Speciality Chemicals Magazine NOV / DEC 2022 | Page 12
Solving the biofilm threat in industrial cooling water systems
Solenis ’ Christina Moering discusses biofilm challenges and a treatment programme that proactively protects industrial cooling towers from biofilm
Industrial cooling water systems provide perfect conditions for the growth of microorganisms , because the cooling water temperature is ideal , and the water contains nutrients from natural debris and contaminants introduced from process leaks . Biofilm forms when planktonic ( i . e ., free-floating ) microorganisms begin to adhere on surfaces , such as pipe walls , heat exchangers and cooling tower fill , and begin secreting extracellular polymeric substances . The resulting slimy extracellular matrix protects the community of microorganisms that has adhered to the surface from environmental stresses and increases their potential to survive and reproduce in the cooling water environment . Biofilm formation in cooling water systems tends to start in areas not accessible to microbiological control treatments , such as dead ends or low-flow areas . Therefore , it is not easy to detect . Biofilm in industrial cooling water systems is undesirable both for human health reasons , as it can provide a habitat for pathogenic organisms , such as Pseudomonas and Legionella , and also for operational reasons . Because biofilm is composed mostly of water , it is more insulating than typical mineral scales ( Figure 1 ). The insulating effect of biofilm negatively reduces the cooling capacity of heat exchangers : a biofilm layer that is only 20 µ m thick can increase heat transfer resistance by 7 %. Microbiologically induced corrosion represents another often-neglected threat that can lead to downtime for costly maintenance and repair .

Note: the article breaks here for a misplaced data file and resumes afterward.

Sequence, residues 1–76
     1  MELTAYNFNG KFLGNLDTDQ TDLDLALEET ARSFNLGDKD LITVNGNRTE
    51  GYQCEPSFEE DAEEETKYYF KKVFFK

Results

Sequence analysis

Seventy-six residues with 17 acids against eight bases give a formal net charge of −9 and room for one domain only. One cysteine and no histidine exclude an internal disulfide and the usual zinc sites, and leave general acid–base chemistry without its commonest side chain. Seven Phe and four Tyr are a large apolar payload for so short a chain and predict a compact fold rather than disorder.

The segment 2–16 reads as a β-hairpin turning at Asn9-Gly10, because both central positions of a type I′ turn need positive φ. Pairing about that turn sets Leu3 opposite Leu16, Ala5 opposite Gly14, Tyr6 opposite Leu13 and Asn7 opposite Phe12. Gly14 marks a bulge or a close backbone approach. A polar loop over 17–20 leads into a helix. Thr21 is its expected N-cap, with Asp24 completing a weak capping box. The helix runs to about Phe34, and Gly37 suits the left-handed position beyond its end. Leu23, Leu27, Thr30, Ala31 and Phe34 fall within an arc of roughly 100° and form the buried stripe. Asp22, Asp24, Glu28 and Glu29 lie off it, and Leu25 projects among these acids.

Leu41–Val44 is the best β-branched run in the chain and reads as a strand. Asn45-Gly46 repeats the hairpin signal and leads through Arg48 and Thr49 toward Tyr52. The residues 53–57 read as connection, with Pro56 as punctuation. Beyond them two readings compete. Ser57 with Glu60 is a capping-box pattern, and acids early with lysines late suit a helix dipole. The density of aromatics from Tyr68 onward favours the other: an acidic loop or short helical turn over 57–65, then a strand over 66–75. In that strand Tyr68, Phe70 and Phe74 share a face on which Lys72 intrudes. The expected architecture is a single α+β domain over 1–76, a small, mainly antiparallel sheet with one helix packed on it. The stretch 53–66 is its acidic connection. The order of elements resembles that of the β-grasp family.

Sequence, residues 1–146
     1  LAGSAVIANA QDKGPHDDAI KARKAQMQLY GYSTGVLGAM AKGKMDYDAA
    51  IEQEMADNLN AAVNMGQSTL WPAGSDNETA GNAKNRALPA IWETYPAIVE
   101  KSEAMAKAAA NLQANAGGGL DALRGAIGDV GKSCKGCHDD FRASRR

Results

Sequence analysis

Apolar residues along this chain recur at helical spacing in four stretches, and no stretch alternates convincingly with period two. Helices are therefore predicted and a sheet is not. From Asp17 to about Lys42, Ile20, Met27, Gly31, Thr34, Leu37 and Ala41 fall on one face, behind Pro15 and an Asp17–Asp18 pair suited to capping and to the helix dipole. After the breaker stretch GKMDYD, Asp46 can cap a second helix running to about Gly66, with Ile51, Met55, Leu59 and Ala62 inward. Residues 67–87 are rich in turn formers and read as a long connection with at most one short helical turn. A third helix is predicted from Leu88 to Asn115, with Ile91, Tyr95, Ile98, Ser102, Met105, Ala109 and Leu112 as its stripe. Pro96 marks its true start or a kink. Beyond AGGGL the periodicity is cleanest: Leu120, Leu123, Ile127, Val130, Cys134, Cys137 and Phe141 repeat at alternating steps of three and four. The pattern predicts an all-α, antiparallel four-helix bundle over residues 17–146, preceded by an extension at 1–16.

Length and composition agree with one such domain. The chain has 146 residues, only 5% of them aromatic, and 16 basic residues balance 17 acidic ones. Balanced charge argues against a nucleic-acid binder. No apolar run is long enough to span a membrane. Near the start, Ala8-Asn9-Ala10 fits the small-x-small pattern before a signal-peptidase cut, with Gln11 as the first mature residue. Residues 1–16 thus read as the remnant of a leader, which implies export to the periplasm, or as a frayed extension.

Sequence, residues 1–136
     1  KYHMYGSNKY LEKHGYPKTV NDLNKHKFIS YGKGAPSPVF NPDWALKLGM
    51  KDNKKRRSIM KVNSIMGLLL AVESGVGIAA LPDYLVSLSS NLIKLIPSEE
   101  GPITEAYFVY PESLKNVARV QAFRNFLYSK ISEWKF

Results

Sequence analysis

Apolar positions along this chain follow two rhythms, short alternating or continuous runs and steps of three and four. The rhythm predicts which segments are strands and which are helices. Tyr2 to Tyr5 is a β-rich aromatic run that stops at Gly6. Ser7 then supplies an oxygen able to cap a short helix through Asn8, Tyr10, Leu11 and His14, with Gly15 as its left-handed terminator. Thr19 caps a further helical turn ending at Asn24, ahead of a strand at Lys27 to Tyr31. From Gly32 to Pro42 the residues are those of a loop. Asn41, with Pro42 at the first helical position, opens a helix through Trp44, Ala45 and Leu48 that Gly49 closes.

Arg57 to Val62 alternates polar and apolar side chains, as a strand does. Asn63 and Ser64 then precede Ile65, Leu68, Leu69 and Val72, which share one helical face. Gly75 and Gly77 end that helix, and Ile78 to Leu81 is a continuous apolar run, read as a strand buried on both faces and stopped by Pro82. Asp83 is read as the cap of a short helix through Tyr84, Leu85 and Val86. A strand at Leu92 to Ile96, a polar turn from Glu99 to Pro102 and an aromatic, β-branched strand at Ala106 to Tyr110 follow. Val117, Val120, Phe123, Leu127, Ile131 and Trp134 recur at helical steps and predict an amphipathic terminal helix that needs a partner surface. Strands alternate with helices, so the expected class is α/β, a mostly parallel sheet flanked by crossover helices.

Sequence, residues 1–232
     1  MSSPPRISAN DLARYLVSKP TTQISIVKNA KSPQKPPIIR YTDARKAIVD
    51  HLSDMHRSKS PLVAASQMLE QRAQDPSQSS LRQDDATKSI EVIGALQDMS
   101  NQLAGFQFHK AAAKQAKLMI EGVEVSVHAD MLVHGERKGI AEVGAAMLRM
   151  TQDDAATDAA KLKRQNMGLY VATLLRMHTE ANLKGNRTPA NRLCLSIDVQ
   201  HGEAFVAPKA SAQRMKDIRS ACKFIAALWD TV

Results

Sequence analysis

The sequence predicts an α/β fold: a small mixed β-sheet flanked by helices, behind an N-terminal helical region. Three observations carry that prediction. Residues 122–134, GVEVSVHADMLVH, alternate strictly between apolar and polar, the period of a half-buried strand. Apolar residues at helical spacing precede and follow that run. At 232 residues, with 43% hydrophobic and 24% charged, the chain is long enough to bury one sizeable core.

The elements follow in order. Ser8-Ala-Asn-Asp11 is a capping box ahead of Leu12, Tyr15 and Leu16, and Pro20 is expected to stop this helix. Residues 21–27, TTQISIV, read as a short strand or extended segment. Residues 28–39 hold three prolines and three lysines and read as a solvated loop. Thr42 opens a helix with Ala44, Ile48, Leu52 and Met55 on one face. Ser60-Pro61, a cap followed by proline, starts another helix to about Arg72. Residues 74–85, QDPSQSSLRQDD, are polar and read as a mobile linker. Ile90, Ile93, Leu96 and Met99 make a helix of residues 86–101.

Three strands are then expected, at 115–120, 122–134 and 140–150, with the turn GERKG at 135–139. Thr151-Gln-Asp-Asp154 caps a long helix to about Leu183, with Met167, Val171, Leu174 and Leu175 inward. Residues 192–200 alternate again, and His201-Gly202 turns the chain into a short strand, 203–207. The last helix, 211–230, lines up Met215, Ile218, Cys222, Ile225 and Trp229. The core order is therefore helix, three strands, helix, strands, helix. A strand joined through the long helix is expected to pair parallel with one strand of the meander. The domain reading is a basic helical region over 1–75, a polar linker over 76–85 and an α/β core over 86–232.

Figure 1 - Thermal effect of biofilm and typical mineral scales
It is estimated that 20 – 50 % of all corrosion originates from microorganisms . The fact is that biofilm causes many more problems in industrial cooling water systems than individual microorganisms ( Figure 2 ). For companies operating a cooling water system , early detection and effective protection against biofilm are imperative to ensure maximum operating efficacy and reliability . Solenis ’ ClearPoint biofilm detection and control programme brings together a novel biofilm analyser and a proprietary chlorine stabiliser chemistry to address biofilm growth in industrial cooling water systems .
Real-time biofilm measurement Often , biofilm is detected only when operational problems occur or when a slimy matrix is tangible or visible on easily accessible surfaces in cooling towers . Common analytical methods , such as the determination of total bacteria counts ( laboratory analysis , dip slides ), have limited our ability to predict possible biofilm growth on surfaces because these methods cover only planktonic and not sessile microorganisms . An additional disadvantage is that it takes several days to deliver results . Sessile coupons can predict biofilm growth on a surface , but coupons take even longer to deliver results , prolonging the time until corrective actions can be taken . None of these techniques clearly quantify the amount of biofilm . The OnGuard 3B analyser provides the earliest detection and most accurate measurement of biofilm growth possible in industrial cooling water systems , enabling detection and monitoring of biofilm in real time . The Karlsruhe Institute of Technology and the Center for Biofilm Engineering at Montana State University have both independently validated its biofilm early detection capability and measurement accuracy . The analyser uses a patented ultrasonic sensor that detects